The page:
At our camera club on Wednesday evenings we ask members, especially beginners, to bring along up to 10 photos to be projected and discussed. We use ‘Faststone Image Viewer’ to display the photos – as this is a free product.
Discussions about the photo often relate on how the image could be improved. Within Faststone, we can make some global changes with levels, shadow and highlight adjustments etc. However; often the feedback suggests that just one part of the image should be darkened, or lightened, or have more (or less) saturation. This we simply cannot do with Faststone.
In most cases we ask the author what software they are using, and then, try to quickly describe how this can be done with their software program. Everyone has their favourite software program, but once we start to discuss how to do something in, say Lightroom, everyone who doesn’t have Lightroom switches off 😉 The same applies to ‘Elements’, ‘Photoshop’, ‘Capture NX’ and so on.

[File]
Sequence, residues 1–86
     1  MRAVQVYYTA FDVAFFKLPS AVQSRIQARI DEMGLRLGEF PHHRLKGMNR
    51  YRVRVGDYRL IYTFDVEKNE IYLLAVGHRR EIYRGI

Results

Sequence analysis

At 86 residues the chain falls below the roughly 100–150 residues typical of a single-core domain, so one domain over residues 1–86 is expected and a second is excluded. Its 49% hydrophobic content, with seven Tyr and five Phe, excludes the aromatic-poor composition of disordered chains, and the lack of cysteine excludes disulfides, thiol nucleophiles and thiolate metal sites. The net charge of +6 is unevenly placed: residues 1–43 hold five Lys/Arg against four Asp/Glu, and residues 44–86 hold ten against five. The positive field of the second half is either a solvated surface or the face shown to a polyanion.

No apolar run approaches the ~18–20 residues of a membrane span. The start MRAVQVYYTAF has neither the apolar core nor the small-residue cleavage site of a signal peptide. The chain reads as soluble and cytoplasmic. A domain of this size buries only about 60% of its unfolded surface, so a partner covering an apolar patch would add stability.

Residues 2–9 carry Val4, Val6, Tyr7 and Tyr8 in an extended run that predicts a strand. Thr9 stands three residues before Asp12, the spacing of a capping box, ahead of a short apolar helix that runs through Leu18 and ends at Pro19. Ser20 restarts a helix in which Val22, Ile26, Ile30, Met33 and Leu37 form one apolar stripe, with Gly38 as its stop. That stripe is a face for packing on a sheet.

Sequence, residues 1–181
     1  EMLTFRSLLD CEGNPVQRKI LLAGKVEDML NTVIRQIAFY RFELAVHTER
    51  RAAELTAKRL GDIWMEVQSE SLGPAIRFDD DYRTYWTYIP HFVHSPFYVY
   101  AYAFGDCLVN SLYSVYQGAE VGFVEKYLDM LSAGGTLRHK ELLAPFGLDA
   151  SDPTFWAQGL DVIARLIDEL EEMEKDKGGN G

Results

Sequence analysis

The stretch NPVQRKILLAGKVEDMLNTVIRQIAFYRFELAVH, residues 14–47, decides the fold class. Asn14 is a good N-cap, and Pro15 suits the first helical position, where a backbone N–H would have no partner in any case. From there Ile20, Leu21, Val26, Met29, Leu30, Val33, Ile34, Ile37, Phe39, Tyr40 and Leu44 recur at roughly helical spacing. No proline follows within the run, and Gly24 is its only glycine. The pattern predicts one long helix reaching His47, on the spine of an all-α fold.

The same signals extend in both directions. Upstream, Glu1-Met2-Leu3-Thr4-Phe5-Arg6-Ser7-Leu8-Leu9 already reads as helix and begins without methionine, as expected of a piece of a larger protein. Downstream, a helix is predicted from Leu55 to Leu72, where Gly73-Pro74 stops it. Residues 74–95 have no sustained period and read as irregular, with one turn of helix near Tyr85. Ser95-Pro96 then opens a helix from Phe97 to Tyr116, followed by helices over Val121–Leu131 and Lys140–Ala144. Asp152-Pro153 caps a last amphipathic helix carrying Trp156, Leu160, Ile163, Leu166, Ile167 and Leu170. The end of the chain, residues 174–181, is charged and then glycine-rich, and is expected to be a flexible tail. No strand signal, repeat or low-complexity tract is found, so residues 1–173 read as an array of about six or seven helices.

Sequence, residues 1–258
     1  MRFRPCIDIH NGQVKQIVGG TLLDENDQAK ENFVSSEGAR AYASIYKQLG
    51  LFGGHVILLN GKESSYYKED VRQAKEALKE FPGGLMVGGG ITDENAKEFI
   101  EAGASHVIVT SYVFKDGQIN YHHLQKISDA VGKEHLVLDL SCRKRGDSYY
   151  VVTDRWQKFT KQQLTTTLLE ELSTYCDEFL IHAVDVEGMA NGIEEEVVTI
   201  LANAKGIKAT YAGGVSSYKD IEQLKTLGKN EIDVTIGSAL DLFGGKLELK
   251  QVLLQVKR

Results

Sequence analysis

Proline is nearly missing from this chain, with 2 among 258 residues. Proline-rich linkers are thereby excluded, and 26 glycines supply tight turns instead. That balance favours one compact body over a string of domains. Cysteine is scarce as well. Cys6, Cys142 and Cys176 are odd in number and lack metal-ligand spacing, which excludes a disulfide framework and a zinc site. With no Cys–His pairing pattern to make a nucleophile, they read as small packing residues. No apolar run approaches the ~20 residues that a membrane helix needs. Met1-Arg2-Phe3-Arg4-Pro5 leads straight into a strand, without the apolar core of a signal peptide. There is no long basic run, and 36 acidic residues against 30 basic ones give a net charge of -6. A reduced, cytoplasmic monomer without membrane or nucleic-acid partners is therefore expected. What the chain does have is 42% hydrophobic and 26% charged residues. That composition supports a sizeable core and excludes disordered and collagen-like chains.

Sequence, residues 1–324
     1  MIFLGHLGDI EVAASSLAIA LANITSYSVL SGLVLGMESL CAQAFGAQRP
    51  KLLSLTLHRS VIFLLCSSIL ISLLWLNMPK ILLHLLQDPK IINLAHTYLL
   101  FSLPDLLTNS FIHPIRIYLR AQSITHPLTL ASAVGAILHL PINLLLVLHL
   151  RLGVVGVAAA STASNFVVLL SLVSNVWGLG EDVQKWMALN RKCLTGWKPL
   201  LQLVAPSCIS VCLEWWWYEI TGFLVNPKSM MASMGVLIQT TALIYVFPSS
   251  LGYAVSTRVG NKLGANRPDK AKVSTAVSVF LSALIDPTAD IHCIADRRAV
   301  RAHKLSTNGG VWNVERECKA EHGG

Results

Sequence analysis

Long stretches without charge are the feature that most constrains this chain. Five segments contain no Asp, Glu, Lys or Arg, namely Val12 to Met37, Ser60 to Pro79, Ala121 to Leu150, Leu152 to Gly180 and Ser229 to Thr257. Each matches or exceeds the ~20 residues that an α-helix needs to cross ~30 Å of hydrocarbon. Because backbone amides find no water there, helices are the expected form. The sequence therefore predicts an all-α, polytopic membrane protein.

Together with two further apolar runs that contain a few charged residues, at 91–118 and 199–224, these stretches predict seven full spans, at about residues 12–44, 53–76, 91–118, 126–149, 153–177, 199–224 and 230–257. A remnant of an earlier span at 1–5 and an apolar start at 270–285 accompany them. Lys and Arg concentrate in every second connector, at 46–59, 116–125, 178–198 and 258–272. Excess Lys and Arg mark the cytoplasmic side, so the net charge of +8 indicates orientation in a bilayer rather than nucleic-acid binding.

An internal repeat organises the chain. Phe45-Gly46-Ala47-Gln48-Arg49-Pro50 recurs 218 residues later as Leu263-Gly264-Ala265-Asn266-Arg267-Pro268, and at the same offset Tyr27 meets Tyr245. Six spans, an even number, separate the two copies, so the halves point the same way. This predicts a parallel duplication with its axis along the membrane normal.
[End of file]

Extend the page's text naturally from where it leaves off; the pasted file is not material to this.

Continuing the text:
To make a selective adjustment on just one area of the image – but not the rest – normally involves layers, masks, blending and opacity adjustments. And for many members, especially those new to digital photography (and perhaps computers), this is simply far too complicated.
So; next Wednesday, I will demonstrate Snapseed. This software allows you to quickly and easily make local selective adjustments. It is available for Windows, Mac, iPad, iPhone and an Android version is coming soon. And it’s cheap! Just under £13 for the Windows or Mac version. Just £2.99 for iPad/iPhone.
Once you see just how easy it is to make local selective adjustments, and how such adjustments can really improve your photos, I think you will be hooked!